Sample Dbq

Topics: Slavery in the United States, American Civil War, Dred Scott v. Sandford Pages: 5 (1503 words) Published: March 3, 2013
Source: Abraham Lincoln, 1858, Lincoln Douglass debates

“It is the eternal struggle between these two principles — right and wrong — throughout the world. They are the two principles that have stood face to face from the beginning of time; and will ever continue to struggle. The one is the common right of humanity, and the other the divine right of kings. It is the same principle in whatever shape it develops itself. It is the same spirit that says, "You toil and work and earn bread, and I'll eat it." No matter in what shape it comes, whether from the mouth of a king who seeks to bestride the people of his own nation and live by the fruit of their labor, or from one race of men as an apology for enslaving another race, it is the same tyrannical principle.”  ― Abraham Lincoln, The Lincoln-Douglas Debates

Document A

Document B
Source: 1885 Illinois, Map of debates

Source: 1885, Cartoon

Document C

 Source: August 27, 1858, in Freeport, Illinois
He was a significant force behind the Compromise of 1850 and the Kansas-Nebraska Act; both which included the idea of "popular sovereignty." Douglas was a strong believer in this doctrine, which said that the people of the territories should choose whether they wanted slavery or not. On the other side was Abraham Lincoln; a Republican who was unknown nationally until these debates. Lincoln was opposed to the expansion of slavery; he believed it should be restricted and not permitted in the new territories. He felt slavery was morally incorrect, and in his "house-divided" speech explained that the union could not survive forever as half free and half slave. Lincoln hoped for a nation without slavery eventually. Their clear, clashing viewpoints on slavery caused it to be the main issue throughout the debates. The debates took place between August and October, 1858, in seven different cities in Illinois: Ottawa, Freeport, Jonesboro, Charleston, Galesburg, Quincy, and Alton. Document D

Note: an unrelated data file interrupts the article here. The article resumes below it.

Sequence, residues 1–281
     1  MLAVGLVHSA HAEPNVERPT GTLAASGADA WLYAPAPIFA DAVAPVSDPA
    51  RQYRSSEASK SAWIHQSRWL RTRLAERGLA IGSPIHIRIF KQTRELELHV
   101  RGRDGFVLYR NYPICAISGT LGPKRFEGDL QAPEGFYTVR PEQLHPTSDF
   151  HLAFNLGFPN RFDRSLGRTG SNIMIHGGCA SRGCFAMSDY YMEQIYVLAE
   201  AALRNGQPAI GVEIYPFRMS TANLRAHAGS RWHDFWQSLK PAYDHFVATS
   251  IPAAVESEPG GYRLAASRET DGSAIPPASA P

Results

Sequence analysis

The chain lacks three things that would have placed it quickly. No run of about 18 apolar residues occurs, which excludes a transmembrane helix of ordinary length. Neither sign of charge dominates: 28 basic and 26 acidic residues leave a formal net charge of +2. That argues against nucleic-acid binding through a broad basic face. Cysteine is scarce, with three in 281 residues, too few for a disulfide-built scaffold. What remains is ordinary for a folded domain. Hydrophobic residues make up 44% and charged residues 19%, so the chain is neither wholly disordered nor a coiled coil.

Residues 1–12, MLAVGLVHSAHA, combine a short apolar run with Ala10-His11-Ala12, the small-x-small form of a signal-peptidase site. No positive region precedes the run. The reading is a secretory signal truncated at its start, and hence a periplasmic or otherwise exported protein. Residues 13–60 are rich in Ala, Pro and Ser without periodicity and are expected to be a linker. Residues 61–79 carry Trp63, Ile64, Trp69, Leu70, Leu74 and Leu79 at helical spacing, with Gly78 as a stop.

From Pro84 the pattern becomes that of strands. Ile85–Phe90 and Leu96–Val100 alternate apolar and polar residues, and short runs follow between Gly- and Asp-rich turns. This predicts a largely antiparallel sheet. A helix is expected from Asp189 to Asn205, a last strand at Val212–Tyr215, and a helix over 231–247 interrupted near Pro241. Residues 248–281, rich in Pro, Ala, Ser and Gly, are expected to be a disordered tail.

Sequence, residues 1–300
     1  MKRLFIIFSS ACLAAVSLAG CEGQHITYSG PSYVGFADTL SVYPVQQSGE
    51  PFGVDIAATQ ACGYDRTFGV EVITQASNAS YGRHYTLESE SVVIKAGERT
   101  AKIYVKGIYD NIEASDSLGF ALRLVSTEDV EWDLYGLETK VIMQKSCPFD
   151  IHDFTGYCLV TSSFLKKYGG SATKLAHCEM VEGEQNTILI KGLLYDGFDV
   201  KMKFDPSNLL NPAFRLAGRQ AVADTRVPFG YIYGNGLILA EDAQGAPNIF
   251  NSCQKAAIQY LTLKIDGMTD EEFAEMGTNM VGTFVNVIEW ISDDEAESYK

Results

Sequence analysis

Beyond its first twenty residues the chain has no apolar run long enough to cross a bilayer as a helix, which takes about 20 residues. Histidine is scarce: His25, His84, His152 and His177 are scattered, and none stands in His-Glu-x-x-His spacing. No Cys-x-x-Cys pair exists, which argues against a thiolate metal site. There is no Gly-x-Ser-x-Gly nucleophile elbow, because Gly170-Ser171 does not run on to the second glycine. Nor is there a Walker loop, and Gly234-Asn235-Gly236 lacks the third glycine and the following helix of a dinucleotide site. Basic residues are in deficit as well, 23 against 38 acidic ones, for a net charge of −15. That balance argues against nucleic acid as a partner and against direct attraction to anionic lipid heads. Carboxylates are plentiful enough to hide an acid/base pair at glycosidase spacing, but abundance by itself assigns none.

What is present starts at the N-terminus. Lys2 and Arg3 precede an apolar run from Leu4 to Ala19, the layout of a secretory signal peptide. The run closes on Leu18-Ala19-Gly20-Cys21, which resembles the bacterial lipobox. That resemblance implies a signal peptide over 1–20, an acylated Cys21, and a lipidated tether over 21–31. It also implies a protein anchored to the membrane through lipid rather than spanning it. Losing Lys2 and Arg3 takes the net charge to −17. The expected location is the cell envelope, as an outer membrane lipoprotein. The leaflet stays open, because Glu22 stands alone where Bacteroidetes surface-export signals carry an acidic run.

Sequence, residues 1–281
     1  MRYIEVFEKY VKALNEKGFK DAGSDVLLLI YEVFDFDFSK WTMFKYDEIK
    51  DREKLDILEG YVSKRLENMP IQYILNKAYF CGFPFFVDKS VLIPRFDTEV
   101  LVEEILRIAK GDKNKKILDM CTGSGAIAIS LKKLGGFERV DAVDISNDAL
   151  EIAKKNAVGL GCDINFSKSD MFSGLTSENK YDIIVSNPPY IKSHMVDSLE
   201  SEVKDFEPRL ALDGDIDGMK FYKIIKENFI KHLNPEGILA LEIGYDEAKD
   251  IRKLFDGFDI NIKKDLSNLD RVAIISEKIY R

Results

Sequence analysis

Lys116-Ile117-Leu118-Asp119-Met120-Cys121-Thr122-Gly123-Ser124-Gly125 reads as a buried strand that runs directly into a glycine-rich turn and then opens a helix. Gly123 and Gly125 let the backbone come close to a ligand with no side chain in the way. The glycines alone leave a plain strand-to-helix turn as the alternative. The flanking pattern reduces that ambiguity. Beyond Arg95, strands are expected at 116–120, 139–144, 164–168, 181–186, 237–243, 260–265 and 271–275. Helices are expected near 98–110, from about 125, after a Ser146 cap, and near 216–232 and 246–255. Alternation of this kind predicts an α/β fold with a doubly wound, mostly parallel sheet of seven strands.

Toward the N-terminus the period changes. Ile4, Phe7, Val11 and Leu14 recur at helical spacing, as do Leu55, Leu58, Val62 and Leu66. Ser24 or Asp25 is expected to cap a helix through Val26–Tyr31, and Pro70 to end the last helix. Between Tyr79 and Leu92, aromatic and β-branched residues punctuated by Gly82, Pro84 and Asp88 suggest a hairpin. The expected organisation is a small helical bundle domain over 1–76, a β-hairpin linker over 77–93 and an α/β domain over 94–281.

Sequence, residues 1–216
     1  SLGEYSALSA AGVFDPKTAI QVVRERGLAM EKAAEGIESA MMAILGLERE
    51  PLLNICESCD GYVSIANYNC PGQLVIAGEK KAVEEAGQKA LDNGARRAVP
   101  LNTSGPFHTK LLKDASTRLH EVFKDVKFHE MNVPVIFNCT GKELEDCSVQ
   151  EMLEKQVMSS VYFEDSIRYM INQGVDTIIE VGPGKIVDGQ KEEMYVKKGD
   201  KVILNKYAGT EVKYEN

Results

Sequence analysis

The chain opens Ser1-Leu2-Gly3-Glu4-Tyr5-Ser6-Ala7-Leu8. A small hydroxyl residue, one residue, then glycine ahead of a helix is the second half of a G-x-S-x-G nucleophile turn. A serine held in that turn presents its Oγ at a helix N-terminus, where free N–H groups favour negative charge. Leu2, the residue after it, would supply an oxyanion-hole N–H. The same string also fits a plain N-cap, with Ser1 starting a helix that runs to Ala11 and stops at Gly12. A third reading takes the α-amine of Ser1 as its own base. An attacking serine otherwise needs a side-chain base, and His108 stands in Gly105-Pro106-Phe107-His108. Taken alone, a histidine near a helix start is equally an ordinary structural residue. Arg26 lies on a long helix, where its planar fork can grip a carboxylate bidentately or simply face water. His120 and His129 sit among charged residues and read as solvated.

Source: Lincoln April 1, 1854
Made so plain by our good Father in Heaven, that all feeland understand it, even down to brutes and creeping insects. The ant, who has toiled and dragged a crumb to his nest, will furiously defend the fruit of his labor, against whatever robber assails him. So plain, that the most dumb and stupid slave that ever toiled for a master, does constantly know that he is wronged.  So plain that no one, high or low, ever does mistake it, except in a plainly selfish way; for although volume upon volume is written to prove slavery a very good thing, we never hear of the man who wishes to take the good of it, by being a slave himself. Most governments have been based, practically, on the denial of the equal rights of men, as I have, in part, stated them; ours began, byaffirming those rights. They said, some men are too ignorant, andvicious, to share in government. Possibly so, said we; and, by your system, you would always keep them ignorant and vicious. We proposed to give all a chance; and we expected the weak to grow stronger, the ignorant, wiser; and all better, and happier together. We made the experiment; and the fruit is before us. Look at it. Think of it. Look at it, in its aggregate grandeur, of extent of country, and numbers of population, of ship, and steamboat

Document E

Source: Lincoln, July 4, 1861, secession
They invented an ingenious sophism, which, if conceded, was followed by perfectly logical steps, through all the incidents, to the complete destruction of the Union. The sophism itself is, that any state of the Union may, consistently with the national Constitution, and therefore lawfully, and peacefully, withdraw from the Union, without the consent of the Union, or of any other state. The little disguise that the supposed right is to be exercised only for just cause, themselves to be the sole judge of its justice, is too thin to merit any notice. With rebellion thus sugar-coated, they have been drugging the public mind of their section...
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